Still, there’s nothing bad with familiarity. I like the line-drawing combat, the game has great production values, and there’s loads of stuff to do beyond just the main progression. And hey, the social RPG formula is a case of “if it ain’t broke, don’t fix it." You can make friends, give them swords (the energy to play levels), and get rewards. If you’ve played one, you’ve played them all, but here’s another!
Dungeon Link has an auto-battling function, and I am kind of not a fan of it. The problem is that it’s the most ideal way to battle, as it always finds the way to make a perfect play where all squares are used. Maybe it’s not the best for using chains, but it’s quite possible that any weaknesses from using auto-battling are made up in the mistakes that you might make while playing and making your own decisions. It’s the driverless car situation: the benefits outweigh the drawbacks.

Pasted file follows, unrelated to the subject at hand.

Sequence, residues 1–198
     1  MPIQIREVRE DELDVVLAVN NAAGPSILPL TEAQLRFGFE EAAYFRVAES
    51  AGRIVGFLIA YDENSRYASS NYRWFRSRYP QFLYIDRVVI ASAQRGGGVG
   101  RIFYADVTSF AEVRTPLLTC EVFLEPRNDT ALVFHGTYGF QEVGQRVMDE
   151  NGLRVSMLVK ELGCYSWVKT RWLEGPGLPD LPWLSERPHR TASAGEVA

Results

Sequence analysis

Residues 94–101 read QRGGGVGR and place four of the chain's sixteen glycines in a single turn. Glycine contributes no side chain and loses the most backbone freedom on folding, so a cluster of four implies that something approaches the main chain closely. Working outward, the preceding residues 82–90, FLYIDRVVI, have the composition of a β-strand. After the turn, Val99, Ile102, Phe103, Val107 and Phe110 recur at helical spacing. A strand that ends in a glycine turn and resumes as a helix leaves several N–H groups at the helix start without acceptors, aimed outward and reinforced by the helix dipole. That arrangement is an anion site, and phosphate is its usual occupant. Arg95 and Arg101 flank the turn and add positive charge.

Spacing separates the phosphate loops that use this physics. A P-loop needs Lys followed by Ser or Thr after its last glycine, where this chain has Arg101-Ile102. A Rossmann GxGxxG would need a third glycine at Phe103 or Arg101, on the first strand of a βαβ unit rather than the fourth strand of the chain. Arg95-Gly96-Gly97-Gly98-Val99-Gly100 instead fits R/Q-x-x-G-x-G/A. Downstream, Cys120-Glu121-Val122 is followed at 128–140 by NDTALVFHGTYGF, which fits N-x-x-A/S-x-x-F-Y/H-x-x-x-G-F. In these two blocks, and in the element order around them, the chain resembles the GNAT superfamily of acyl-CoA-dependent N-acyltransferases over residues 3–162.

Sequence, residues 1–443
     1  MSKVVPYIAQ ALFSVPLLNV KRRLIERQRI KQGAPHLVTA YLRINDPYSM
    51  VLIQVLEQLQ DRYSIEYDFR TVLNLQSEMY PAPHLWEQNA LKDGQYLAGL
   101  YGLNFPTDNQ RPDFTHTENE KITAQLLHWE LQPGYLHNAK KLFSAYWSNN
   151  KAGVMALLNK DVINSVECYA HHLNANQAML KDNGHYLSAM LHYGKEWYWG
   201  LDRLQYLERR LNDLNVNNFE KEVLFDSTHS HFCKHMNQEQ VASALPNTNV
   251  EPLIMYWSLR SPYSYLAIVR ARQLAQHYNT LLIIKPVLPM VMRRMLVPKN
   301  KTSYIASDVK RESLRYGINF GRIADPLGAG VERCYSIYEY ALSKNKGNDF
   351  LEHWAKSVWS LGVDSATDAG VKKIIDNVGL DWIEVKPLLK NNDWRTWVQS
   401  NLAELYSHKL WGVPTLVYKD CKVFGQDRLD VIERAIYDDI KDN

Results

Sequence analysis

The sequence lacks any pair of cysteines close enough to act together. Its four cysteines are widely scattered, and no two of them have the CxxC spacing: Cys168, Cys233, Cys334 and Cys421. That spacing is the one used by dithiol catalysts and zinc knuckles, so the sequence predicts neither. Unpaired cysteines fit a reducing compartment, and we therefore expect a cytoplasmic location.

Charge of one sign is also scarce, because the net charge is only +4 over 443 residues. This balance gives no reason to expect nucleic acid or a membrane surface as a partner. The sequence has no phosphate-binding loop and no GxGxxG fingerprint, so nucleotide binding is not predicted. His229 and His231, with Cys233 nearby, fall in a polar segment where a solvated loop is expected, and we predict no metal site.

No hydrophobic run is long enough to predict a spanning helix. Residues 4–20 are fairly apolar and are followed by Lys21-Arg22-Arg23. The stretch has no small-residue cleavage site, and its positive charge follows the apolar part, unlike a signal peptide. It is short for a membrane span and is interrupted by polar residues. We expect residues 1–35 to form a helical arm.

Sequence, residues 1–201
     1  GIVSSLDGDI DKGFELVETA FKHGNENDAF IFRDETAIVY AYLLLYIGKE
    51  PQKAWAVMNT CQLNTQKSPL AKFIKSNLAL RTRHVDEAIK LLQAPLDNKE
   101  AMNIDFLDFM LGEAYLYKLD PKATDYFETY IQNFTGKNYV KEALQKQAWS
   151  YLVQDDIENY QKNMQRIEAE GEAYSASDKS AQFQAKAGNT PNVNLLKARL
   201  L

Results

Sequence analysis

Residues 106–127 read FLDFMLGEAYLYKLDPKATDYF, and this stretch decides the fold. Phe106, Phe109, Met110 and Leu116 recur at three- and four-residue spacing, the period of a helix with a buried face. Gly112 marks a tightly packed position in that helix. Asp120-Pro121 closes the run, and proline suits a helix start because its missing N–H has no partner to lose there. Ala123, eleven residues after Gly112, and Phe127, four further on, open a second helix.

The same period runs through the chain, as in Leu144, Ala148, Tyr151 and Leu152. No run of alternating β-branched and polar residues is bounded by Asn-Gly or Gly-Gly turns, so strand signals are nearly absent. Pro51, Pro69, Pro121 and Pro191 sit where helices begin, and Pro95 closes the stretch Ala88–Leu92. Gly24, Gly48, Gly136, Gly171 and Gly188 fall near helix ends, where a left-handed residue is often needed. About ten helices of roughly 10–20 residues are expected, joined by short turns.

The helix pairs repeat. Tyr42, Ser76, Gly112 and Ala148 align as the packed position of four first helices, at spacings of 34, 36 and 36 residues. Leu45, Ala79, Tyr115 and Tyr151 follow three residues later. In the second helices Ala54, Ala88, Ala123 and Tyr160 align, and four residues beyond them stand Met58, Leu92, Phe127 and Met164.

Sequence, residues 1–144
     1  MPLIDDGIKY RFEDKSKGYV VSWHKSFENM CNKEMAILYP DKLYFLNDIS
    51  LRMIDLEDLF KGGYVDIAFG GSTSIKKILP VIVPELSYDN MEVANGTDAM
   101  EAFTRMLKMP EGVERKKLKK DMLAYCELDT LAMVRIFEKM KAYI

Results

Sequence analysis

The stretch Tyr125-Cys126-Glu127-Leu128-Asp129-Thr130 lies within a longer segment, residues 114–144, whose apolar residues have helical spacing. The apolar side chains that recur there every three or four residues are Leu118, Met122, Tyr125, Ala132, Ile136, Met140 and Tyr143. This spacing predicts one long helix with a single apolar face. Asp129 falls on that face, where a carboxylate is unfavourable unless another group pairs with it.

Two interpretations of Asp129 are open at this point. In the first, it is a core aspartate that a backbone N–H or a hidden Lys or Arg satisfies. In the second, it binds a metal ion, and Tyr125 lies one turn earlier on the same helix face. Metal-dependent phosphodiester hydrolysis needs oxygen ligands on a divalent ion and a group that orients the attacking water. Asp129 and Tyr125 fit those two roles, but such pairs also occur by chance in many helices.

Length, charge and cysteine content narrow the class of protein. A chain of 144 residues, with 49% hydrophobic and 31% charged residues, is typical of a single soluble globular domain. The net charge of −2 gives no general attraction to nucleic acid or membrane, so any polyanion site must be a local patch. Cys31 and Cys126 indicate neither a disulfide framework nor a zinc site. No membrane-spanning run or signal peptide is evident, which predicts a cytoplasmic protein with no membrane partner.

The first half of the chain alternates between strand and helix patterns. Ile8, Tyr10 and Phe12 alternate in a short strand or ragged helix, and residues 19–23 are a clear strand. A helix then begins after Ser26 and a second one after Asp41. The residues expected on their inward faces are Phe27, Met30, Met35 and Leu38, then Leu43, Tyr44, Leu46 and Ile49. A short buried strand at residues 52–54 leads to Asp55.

This is where the game kind of falls apart. The line-drawing is the the thing that makes this stand out from other social RPGs. When you make it so that the unique part of the combat is to your disadvantage to actually play with, then what’s the point? It kind of ruined the game for me. I cared about the character-raising because it was part and parcel with the gameplay system I was enamored by. Take one half of the equation away, and I don’t see myself continuing to play this after this review.
I will say that if you’re a fan more of the social RPG stuff, then you may just still enjoy Dungeon Link. It’s not a bad system. Enhancing characters requires using other characters as materials, and there’s a chance the enhancement might not succeed, but it then increases future chances, which is fair enough to me. This is the kind of game that if you get hooked to, you’ll probably be spending a decent amount of money. But there are frequent deals, including valuable specials for the week you start, with regular offers available too.